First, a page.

Recently, the Big, Scary Word™ in economics is “deflation.” Like most things in economics, deflation as a concept is a double-edged sword. On the one hand, deflation relates to an increase in a money’s general purchasing power. But, on the other hand, deflation creates a relative increase in the value of debt. So it tends to be pretty good for consumers in general, but not so great for those businesses or persons who carry significant debt.
Whether deflation is good or bad for an economy is debatable and, indeed, it is being debated vigorously. The odd thing is that economists seem to be unsure why deflation is taking place especially considering how much currency is being created. The money supply has skyrocketed in recent years so it stands to reason that inflation rather than deflation would be the major worry (and it has been).
I figured I’d take a stab at explaining the recent deflation phenomenon. My theory can’t be worse than anyone else’s, so why not try my hand, right? Well, actually it can be but I’ve never let that stop me before, so here we go…
When I conceptualized the innovation in The Currency Paradox, it was important that it be applicable to market-based economics as well as the profit incentive. The key with markets is that they work better when more and better information is available; the currency innovation I conceptualized makes markets “smarter” by making more essential information available for every transaction. Many aspects of market-based economics as they now exist are opaque and subjective; the innovation presented in The Currency Paradox introduces an element that would bring an unprecedented level of objectivity to market-based economics that is unambiguously quantifiable. Just as importantly, it is completely compatible with the concept of making profit. However…
What is “profit”?
Sure, the idea seems simple enough … I describe it in The Currency Paradox as a “convenience tax,” a surplus fee added to every transaction by anyone selling a good or a service simply for the act of making that good or service available in a convenient way. But, think about it for a second … the important distinction is that it creates a surplus as measured in money/currency at the end of most transactions. Now, from where does the money which creates this surplus come?
This can be answered in different ways like “capital gains” or “employment” but generally the money is associated to some effort attached to the repayment of credit. Why is that the case? Because the overwhelming bulk of money is produced as credit for the purpose of making profit by charging interest.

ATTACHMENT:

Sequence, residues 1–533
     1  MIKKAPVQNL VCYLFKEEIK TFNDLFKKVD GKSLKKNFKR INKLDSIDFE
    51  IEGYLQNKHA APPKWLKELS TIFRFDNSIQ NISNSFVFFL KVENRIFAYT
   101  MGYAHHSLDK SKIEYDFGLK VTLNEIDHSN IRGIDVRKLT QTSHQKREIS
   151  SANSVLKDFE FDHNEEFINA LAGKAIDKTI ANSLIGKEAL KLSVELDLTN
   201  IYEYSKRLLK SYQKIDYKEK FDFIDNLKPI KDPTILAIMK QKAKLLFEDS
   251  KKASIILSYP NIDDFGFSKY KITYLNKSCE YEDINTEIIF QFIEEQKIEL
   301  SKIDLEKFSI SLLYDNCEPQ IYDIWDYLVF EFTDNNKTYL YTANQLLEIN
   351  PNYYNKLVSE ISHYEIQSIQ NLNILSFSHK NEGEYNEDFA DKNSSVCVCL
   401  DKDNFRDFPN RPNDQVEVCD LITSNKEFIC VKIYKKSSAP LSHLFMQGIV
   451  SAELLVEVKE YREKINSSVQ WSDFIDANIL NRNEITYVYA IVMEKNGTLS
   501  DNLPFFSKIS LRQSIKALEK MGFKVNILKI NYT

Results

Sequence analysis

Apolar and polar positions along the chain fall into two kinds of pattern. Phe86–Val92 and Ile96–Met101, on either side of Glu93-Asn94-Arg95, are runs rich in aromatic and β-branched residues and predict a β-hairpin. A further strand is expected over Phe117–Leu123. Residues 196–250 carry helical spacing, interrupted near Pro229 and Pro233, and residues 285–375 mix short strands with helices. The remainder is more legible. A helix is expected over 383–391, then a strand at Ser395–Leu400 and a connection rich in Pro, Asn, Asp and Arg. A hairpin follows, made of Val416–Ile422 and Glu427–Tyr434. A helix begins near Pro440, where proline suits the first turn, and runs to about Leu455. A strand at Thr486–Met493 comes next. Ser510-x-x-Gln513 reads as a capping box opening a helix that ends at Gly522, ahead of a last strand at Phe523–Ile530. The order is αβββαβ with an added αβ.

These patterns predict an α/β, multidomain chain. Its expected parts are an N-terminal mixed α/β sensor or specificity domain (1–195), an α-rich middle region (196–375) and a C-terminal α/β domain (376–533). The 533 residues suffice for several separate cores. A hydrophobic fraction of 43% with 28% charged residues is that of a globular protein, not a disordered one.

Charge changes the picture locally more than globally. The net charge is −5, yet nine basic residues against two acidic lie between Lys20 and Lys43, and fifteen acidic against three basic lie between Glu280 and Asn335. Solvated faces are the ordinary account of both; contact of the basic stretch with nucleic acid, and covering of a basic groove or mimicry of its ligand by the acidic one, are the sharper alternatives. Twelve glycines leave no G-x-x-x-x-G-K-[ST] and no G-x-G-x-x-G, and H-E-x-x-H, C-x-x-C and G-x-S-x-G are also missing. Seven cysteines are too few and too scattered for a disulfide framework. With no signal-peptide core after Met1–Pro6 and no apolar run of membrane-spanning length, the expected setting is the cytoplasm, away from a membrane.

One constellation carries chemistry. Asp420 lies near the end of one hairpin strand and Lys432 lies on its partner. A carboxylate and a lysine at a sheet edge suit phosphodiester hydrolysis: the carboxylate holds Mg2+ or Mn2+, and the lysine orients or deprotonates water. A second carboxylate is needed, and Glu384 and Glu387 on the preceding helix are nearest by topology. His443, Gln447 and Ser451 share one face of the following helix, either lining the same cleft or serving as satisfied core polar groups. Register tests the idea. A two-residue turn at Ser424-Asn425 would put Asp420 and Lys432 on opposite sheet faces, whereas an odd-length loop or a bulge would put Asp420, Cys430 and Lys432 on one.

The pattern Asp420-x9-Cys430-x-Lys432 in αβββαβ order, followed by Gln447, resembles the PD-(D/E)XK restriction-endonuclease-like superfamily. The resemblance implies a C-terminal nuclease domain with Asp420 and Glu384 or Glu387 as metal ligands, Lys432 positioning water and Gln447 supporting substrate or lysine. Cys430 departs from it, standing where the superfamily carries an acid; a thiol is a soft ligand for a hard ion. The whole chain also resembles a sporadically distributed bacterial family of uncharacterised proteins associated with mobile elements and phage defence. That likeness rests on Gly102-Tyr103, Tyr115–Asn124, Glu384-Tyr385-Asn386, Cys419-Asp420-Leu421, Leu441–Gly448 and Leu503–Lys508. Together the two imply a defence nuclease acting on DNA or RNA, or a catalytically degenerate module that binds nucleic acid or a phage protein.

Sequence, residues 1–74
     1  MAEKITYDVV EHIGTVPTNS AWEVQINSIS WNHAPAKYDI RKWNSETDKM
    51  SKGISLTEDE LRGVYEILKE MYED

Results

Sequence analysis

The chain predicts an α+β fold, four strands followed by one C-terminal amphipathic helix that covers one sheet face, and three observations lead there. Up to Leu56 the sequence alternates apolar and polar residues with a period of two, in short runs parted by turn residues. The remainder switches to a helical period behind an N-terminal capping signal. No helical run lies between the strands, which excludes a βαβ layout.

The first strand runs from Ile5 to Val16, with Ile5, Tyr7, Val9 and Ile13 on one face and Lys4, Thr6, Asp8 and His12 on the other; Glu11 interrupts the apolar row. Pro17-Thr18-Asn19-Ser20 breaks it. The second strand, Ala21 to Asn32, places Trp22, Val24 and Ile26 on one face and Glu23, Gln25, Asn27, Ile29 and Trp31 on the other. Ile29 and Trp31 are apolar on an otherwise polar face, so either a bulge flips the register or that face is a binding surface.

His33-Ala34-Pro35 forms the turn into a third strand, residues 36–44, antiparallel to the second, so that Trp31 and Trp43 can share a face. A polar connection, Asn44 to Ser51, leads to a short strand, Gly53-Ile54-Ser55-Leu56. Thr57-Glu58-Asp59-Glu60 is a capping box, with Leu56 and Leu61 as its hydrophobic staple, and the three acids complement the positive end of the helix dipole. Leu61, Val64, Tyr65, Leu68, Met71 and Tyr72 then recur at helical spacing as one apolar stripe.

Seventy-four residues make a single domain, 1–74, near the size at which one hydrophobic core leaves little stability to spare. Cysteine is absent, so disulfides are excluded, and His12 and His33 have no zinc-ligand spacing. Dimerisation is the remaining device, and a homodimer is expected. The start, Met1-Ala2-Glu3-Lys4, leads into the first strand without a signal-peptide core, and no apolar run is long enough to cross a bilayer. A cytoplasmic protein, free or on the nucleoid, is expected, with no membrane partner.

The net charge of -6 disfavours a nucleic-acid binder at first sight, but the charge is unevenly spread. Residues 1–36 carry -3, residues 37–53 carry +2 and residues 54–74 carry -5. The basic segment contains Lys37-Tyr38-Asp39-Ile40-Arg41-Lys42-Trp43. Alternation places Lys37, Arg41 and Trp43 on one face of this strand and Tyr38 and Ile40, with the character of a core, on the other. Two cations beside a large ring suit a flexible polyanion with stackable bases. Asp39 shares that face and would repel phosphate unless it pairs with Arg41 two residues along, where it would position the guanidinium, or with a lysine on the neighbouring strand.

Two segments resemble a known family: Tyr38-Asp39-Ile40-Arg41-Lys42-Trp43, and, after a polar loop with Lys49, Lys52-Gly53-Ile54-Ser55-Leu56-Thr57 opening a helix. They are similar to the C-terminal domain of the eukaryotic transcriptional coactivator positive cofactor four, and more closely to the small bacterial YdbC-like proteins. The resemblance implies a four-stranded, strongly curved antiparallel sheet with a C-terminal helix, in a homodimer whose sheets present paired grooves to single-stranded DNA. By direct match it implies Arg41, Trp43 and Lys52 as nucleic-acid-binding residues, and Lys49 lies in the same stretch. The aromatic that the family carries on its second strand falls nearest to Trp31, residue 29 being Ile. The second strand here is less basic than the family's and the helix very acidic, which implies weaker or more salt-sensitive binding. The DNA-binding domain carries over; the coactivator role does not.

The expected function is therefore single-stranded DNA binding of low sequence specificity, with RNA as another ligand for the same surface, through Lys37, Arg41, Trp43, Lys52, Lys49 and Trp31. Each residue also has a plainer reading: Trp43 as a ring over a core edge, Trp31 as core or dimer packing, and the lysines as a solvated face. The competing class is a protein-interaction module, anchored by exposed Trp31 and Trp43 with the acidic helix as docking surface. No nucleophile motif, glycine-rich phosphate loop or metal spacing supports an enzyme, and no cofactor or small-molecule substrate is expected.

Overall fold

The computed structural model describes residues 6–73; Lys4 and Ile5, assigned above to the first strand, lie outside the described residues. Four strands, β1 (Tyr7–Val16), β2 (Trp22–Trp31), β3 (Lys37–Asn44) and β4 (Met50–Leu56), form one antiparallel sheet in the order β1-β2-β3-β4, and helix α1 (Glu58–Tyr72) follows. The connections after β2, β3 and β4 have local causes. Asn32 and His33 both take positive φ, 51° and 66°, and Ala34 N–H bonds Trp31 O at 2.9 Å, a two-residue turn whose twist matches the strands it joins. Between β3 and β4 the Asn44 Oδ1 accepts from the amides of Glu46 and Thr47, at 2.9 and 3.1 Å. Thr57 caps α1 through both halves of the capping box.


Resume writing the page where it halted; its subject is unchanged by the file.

This creates an interesting conundrum because, as a result of the interest demand, every act of credit creation is a negative sum transaction. In other words, everyone who is issued a loan has to produce more dollars than the transaction itself produces. Hmmm…
Now, from where do those additional dollars which are expected to cover the interest on the loan come? In other words, from where do the extra dollars come?
This seems to be a serious problem because, generally, in order to repay a loan, a person or entity has to create value greater than the costs of operational and capital expenditures. This is generally done by setting a margin of profit for every item sold or transaction processed. However, those “profits” were themselves created as the result of loans which also, as a result of a demand for interest, were negative sum transactions from a money creation standpoint.
This is all a very roundabout way of stating that there is always a money deficit which increases (in fact, compounds) every time new money is created. Because of the interest demand, every time money is created by a loan transaction, it produces a net negative in the form of a debt. So the only way for old debts to be serviced is for new money to be created which means greater total debt. The effect is a system in which the dollars are, for all intents and purposes, cannibalizing themselves. The worst part is that profit, and all enterprises or entities which excel at generating profit, exacerbate the problem.
The logical net effect of this is a deflationary cycle. The profit incentive demands a surplus from the system that does not exist. To the contrary, the paradoxical effect is that, the more money that is created, the less money there is as a result of the demand for interest.
As I stated in The Currency Paradox, fractional lending isn’t really a problem; as long as all debits and credits cancel each other out, then managing the supply of money based on demand, even using fiat currency, should, in theory, not be an issue. Even the inflationary bias of fiat money should be able to be easily managed in a system in which debits and credit cancel out. However, interest seems to be having a massive deflationary effect; it requires debtors to repay money that doesn’t actually exist. Our entire economic system seems to be based on the premise of robbing Peter to pay Paul.
Once again, this is a problem that is solved with the innovation in The Currency Paradox. Because there is not any debt associated to it, all of the currency produced is, technically, surplus money. In theory, any interest demands can be fulfilled without creating a deflationary effect because the money is not created with any associated interest or other debt demand.
If I’m correct, then continued note printing and money creation will only exacerbate the deflation issue. Interest rate increases by central banks will also make things much worse. Considering the nature of how most money is created, a solution may be difficult. It’s possible that the deflationary cycle is like a black hole and we have crossed the event horizon.